The government competitiveness watchdog, part of the economy ministry, followed dozens of international classifications, as they can influence perceptions of the attractiveness of the country to foreign investors.
Francine Closener, the secretary of state for the economy, stated: “we must do everything for Luxembourg to be classified highly in these international benchmarks.”
Competiveness has been defined as:
“if its productivity increases at a similar or higher rate than its main trading partners which have a similar level of development, if it manages to maintain a balance in an open market economy and if it has a high employment rate.”
“the capacity of a nation to improve the standard of living of its residents and to provide them with high levels of employment and social cohesion while preserving the environment.”
The five economic sectors which have been identified as priorities in Luxembourg are information & communications technologies, health sciences & technologies, eco-technologies and space technologies.
However, a new framework of indicators has been established to take into account the specificities of the country which these international benchmarks may miss. Out of the 67, 41 are new indicators. They take into account economic, social and environmental aspects of competitiveness.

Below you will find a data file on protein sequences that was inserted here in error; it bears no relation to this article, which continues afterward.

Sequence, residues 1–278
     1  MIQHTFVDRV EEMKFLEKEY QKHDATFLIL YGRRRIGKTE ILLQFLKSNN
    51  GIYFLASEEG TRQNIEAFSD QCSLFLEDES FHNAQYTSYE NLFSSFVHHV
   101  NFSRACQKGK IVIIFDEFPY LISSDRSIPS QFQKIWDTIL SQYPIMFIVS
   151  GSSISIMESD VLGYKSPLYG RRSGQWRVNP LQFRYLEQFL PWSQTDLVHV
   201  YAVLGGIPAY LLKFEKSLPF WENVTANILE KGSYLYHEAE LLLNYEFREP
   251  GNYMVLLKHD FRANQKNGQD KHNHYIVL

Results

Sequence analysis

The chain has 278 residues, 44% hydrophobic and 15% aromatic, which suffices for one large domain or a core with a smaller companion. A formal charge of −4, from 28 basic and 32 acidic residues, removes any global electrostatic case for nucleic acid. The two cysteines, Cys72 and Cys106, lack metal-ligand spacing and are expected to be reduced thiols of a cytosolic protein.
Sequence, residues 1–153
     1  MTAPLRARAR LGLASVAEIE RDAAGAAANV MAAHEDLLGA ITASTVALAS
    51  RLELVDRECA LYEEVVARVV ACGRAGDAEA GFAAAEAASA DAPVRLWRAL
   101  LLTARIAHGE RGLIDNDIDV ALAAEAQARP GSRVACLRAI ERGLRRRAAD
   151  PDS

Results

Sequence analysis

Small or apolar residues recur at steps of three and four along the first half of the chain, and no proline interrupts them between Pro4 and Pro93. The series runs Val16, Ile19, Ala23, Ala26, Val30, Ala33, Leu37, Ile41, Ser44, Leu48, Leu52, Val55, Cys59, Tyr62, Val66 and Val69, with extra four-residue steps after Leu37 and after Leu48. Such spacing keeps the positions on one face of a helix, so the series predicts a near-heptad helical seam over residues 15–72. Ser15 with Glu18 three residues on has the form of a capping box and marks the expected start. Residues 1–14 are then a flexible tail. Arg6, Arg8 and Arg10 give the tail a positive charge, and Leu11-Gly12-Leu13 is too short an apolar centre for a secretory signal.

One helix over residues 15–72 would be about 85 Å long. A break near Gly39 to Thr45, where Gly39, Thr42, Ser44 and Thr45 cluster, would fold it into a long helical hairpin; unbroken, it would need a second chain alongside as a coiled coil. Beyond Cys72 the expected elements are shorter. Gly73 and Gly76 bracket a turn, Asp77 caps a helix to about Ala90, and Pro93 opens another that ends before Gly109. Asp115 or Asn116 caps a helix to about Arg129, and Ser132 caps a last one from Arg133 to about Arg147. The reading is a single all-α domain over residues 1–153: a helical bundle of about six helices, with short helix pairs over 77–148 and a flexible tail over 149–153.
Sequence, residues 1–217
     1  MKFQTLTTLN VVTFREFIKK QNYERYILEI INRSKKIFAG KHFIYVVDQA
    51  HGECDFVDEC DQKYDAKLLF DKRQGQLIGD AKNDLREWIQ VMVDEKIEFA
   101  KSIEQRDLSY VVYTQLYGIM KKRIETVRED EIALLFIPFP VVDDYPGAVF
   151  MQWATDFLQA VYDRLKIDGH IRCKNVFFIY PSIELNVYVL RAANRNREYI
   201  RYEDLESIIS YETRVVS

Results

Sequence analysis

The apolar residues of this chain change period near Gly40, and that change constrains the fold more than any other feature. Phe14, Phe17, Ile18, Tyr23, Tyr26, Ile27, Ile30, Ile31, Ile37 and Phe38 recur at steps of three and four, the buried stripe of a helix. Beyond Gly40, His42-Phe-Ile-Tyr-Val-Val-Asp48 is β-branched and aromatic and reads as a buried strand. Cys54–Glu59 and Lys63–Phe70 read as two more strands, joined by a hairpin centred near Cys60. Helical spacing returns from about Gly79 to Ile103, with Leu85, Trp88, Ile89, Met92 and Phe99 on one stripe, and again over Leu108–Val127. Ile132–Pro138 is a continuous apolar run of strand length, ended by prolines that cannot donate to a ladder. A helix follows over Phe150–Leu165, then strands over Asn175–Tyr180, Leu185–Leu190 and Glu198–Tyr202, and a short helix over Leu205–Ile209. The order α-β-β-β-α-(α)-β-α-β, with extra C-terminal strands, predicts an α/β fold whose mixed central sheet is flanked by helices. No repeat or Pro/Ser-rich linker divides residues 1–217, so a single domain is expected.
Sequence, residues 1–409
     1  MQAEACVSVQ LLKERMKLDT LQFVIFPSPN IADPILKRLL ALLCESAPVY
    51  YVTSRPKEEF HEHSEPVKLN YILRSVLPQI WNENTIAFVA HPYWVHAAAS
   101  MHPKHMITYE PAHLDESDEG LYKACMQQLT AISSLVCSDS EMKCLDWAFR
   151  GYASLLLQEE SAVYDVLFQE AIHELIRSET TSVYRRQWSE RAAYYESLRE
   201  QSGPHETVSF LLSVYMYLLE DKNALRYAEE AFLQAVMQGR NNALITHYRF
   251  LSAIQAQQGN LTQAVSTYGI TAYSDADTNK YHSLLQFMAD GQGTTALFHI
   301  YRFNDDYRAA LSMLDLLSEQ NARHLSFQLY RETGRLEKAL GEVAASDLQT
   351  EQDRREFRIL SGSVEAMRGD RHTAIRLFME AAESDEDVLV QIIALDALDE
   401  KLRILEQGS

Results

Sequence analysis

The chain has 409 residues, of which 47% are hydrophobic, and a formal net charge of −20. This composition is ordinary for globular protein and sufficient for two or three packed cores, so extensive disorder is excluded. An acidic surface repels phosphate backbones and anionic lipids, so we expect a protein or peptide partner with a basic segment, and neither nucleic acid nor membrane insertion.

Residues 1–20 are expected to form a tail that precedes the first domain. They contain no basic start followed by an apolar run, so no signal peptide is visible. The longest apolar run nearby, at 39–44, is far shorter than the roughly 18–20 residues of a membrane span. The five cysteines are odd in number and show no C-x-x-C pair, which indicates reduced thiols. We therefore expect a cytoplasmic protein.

On the 25 indicators measuring the economic aspects, Luxembourg has 14 marked green, which indicates that the grand duchy scores 20% better than the EU average. These are: public debt, government balance relative to GDP (average over 3 years), market share of global exports over a 5-year average, external net creditor, real effective exchange rate over 3 years, real GDP growth (average over 3 years), inflation, yields on long-term government bonds, unemployment rate, average rate of global productivity of the factors for the whole economy, real productivity of work by hour worked (3-year average), nominal labour unit costs (3 year average), GDP/hour worked, and life-long learning.
At the same time, the number of red indicators has also gone up. These relate to: current account balance (3-year average) is 5%, the time necessary to set up a company, which is 16.5 days. Furthermore, the corporate tax rate is high at 29%, while the European average is 22%. The profitability of non-financial companies in terms of percentages stands at 5.9%, and Luxembourg is last in the European ranking.
Spending on R&D
Table: Gross national spending on research and development, in % of GDP, 2015